Industry Helping Government Help People
Businesses, or industry in general, can help the government help people outside of the traditional public-private partnership model. While some may dismiss this help or others may criticize efforts outside of the traditional models, businesses in certain scenarios can lower opportunity costs for the government, deliver products or services more efficiently, and often even provide unexpected benefits.
Often much attention is given to “negative externalities.” In 1920, economist Arthur C. Pigou argued that economic externalities are most often orphans. As explained by Investopedia, economic externalities “occur when the production or consumption of a specific good or service impacts a third party that is not directly related to the production or consumption of that good or service.” How are these results “orphaned?”
If an industry produces a positive externality, then those receiving the benefit have no incentive to pay for it. If industry produces a negative externality, it has no incentive to cover those costs. The end result is that the market may under-supply a benefit because it is not being paid for, or overconsumption may result in the case where the externality is not included in the cost.
Some pro-tax advocates seize the opportunity arguing for taxes to be placed on market activity that creates some amount of negative externality, but they ignore positive externalities, taken for granted or thought of as an entitlement. This has led to a lack of appreciation for the positive externalities created by industry that directly benefits government and the people.
For example, by any measure children spending time in foster care face huge challenges. The result for some is homelessness and incarceration, both of which cost society directly but also cost society as the individual leads a life that is troubled instead of happy and productive.
Every state has a foster care database but not one that typically empowers social workers to do their job more easily. In fact, typically it detracts from them being able to spend more time in the field, with those kids and families who need attention. Binti, a software-as-a-service company, is seeking to remake child welfare. This is not an expensive custom software build as so many have been in the past. Instead, this platform can be used across states and molded to any unique needs, reducing risk and making it more affordable. The winners? Our kids and society as those kids become productive members of society and hence costing society less in terms of support for them.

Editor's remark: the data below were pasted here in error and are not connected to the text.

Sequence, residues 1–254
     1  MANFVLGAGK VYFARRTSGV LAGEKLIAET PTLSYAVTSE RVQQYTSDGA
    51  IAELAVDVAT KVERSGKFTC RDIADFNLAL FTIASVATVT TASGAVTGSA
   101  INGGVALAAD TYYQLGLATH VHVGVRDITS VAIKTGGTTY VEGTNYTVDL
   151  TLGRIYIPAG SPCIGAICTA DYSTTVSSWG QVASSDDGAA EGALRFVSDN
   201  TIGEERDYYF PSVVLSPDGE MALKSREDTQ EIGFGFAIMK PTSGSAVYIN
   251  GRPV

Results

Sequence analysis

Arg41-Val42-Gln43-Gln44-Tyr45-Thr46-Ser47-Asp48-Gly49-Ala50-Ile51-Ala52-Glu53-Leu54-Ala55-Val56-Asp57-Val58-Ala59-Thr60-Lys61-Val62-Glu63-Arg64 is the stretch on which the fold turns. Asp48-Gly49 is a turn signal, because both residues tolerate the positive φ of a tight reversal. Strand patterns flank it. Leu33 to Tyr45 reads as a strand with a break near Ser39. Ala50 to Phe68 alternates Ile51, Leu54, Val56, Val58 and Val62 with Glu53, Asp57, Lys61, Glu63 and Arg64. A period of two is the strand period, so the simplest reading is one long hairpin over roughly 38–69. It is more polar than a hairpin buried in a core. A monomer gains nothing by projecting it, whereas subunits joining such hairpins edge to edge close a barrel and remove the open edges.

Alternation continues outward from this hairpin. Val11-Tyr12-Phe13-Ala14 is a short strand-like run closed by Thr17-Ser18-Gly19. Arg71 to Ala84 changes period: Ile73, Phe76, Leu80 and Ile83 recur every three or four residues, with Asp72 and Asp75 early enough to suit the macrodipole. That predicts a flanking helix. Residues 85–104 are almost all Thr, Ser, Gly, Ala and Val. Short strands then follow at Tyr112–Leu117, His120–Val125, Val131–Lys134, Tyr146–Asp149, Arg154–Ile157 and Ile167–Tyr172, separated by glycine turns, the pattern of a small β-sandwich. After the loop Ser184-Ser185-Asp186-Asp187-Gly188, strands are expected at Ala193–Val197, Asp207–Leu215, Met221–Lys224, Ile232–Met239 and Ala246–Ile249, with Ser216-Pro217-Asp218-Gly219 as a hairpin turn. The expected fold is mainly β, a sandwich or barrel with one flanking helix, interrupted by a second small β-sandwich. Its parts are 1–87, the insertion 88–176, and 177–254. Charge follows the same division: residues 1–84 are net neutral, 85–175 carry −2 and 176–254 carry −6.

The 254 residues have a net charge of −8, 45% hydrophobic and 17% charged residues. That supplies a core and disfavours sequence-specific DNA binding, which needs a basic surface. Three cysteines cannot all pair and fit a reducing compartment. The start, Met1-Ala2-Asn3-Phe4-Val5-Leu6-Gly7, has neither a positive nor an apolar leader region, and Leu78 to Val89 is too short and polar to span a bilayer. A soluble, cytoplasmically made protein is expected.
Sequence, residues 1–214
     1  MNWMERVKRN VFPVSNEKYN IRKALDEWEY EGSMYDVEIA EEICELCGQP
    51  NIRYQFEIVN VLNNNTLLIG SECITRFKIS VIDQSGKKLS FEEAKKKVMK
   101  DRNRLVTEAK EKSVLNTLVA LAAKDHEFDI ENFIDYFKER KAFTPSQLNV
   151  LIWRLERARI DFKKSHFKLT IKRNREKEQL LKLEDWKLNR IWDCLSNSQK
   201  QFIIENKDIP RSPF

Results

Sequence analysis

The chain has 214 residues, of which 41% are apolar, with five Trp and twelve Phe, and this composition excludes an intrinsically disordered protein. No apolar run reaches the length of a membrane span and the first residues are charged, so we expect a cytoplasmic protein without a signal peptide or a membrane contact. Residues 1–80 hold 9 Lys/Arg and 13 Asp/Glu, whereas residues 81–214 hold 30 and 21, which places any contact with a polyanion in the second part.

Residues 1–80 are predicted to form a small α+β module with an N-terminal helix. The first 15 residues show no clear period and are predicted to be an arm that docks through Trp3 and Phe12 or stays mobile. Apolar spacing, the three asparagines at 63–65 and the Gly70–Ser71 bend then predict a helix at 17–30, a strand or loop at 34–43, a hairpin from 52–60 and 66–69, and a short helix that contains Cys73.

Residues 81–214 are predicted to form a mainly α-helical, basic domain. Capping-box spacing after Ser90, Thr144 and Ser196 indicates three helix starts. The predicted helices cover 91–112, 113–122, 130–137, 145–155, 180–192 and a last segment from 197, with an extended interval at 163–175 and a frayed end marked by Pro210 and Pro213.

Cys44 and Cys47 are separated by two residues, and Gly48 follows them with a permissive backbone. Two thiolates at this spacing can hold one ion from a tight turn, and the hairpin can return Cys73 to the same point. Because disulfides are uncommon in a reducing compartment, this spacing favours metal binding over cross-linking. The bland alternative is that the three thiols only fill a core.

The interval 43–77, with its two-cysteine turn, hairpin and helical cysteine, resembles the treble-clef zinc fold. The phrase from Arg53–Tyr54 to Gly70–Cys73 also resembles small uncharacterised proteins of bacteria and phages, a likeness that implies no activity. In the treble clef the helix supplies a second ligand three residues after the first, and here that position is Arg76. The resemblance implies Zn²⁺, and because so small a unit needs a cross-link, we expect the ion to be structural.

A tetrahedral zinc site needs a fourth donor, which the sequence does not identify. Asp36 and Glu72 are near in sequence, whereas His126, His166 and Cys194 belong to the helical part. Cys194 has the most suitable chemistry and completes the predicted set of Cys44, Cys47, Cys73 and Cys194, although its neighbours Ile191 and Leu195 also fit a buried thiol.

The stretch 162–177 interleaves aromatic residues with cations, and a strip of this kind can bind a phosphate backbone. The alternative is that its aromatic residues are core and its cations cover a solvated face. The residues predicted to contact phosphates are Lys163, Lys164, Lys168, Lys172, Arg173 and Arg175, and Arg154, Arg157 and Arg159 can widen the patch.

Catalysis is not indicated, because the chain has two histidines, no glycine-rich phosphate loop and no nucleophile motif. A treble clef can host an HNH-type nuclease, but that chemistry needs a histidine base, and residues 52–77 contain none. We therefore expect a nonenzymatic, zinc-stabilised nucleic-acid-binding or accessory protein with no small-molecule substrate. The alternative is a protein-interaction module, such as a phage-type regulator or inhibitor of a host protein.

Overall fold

Or consider the broadband industry and the help it provided during the height of the pandemic. As the U.S. COVID-19 outbreak began, the FCC asked broadband and telephone providers to take the Keep Americans Connected Pledge. Nearly 800 broadband and telephone providers stepped up to help hundreds of thousands of Americans during the time of need.
The cable industry has provided help even more broadly. As recently as yesterday, NCTA announced, “In rising to the challenge, cable broadband providers expanded and enhanced their low-income broadband programs and launched new programs to qualifying customers. To date, NCTA members have connected over 10 million consumers to broadband internet through these programs.”
One more example, while pharmaceutical companies raced to create, get approval for and manufacture vaccines to use to fight COVID-19, expert distribution companies such as UPS and FedEx were preparing for rapid and massive distribution, outfitting their trucks and airplanes to transport a vaccine that requires storage at extremely low temperatures. Government relied on the developed and robust expertise of industry to correctly and rapidly deliver vaccines. While some governments have seemed to fumble the role out the vaccines were delivered, and continue to be delivered, effectively across the country. Yes, industry won a contract for their service but government did not have to try to build an effective, efficient distribution system. When society returns to normal and you get to take that mask off sooner rather than even later, there is your positive externality.
These few examples barely scratch the surface of the positive externalities we enjoy because of industry directly or industry working with government. This is industry helping government help people.